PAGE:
Di Lorenzo, Flaviana (2014) Chemical Structure of cell-wall components isolated from pathogen bacteria. [Tesi di dottorato]

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Item Type: Tesi di dottorato
Lingua: English
Title: Chemical Structure of cell-wall components isolated from pathogen bacteria
Creators:
CreatorsEmail
Di Lorenzo, Flavianaflaviana.dilorenzo@unina.it
Date: 29 March 2014
Number of Pages: 260
Institution: Università degli Studi di Napoli Federico II
Department: Scienze Chimiche
Scuola di dottorato: Scienze chimiche
Dottorato: Scienze chimiche
Ciclo di dottorato: 26
Coordinatore del Corso di dottorato:
nomeemail
Paduano, Luigiluigi.paduano@unina.it
Tutor:
nomeemail
Lanzetta, RosaUNSPECIFIED
Date: 29 March 2014
Number of Pages: 260
Uncontrolled Keywords: Lipopolysaccharides from Cystic Fibrosis pathogens and extremophilic bacteria
Settori scientifico-disciplinari del MIUR: Area 03 - Scienze chimiche > CHIM/06 - Chimica organica
Date Deposited: 10 Apr 2014 08:09
Last Modified: 26 Jan 2015 11:30
URI: http://www.fedoa.unina.it/id/eprint/9765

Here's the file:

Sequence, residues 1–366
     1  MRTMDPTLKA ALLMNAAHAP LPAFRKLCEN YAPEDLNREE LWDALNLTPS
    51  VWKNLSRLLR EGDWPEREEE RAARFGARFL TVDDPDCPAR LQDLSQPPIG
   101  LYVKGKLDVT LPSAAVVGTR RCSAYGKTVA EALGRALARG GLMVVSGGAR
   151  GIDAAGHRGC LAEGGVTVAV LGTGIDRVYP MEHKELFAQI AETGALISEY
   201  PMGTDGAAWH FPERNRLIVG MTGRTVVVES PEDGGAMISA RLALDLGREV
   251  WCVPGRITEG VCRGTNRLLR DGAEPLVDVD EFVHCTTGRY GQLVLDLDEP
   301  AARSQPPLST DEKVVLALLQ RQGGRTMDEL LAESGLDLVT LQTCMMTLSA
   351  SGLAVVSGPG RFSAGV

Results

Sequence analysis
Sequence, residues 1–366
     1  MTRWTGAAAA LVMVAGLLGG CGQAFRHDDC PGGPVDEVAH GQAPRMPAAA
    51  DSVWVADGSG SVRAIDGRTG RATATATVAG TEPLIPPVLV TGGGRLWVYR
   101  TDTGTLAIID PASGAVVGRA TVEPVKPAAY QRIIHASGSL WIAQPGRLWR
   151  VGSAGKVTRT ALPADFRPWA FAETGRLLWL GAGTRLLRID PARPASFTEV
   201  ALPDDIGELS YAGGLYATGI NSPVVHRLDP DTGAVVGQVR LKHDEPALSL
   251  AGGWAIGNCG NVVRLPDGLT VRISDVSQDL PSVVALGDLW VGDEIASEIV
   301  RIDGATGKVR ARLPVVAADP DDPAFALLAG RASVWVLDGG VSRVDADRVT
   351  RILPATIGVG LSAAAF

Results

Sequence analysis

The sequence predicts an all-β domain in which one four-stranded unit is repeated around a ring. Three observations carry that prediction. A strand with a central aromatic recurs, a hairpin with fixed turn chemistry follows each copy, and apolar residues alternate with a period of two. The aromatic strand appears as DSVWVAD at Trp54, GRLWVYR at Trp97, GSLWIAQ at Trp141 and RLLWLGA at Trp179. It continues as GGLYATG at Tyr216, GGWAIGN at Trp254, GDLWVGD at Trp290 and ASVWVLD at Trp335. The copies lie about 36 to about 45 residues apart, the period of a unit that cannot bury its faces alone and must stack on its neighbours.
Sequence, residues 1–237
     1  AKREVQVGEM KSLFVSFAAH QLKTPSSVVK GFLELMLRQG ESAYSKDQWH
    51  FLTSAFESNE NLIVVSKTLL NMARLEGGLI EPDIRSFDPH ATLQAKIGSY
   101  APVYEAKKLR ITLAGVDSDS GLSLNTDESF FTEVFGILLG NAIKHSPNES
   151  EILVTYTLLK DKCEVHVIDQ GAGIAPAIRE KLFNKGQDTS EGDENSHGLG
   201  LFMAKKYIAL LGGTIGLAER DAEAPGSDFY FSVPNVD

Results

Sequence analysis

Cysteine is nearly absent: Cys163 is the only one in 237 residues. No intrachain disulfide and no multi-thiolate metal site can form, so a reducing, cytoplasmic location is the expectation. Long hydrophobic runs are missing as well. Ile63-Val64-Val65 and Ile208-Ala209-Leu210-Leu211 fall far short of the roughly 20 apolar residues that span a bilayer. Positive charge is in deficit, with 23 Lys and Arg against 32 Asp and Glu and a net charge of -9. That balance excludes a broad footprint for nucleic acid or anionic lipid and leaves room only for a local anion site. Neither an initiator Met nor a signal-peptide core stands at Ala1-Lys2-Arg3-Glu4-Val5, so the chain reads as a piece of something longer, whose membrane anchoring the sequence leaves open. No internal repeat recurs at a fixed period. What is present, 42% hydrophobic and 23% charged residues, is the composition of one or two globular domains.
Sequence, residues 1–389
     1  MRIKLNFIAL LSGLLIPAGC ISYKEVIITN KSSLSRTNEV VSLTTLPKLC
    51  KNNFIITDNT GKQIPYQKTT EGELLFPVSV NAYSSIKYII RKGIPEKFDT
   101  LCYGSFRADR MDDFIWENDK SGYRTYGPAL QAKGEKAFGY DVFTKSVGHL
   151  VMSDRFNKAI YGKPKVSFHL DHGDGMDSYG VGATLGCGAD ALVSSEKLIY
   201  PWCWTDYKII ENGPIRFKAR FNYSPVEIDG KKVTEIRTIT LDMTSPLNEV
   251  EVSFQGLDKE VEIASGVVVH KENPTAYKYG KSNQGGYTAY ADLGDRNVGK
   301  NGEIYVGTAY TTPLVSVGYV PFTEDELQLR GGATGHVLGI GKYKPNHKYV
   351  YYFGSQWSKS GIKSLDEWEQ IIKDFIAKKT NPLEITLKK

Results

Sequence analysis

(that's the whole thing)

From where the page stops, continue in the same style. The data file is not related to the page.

Abstract

The aim of the present PhD thesis is the extraction, purification and structural elucidation of lipopolysaccharides (LPS) isolated from human pathogen bacteria. LPSs are amphiphilic macromolecules that compose about 75% of the outer membrane of Gram-negative bacteria that are indispensable for the growth and the survival of bacteria. LPS elicits a potent host innate immune response through the TLR4 and MD-2 receptorial complex expressed on diverse phagocytic cells. This recognition is crucial since excessive exposure (or excessive responses) to LPS can lead to an uncontrolled inflammation process, as in case of individuals affected by Cystic Fibrosis (CF) in which premature death occurs after a chronic inflammation state. The basic genetic defect predisposes CF patients to recurrent pulmonary infections that are the major cause of morbidity and mortality in CF. Characteristic CF pathogens include Pseudomonas aeruginosa, bacteria belonging to the Burkholderia cepacia complex (BCC) and the newly identified genus Pandoraea. Since LPS is involved in elicitation of host innate immune response in a structure-dependent mode, the investigation of the LPS structure is mandatory to understand the virulence of the abovementioned microorganisms. A little section of the present PhD work has been also dedicated to the structural elucidation of LPS isolated from extremophilic bacteria since it was previously demonstrated that LPSs from non-pathogenic bacteria exert antagonist or partial antagonist activity towards toxic LPSs. Thus, the structural characterisation of extremophiles LPS represents a new perspective for treatment of pathologies caused or exacerbated by bacterial LPS, such as in case of cystic fibrosis disease.

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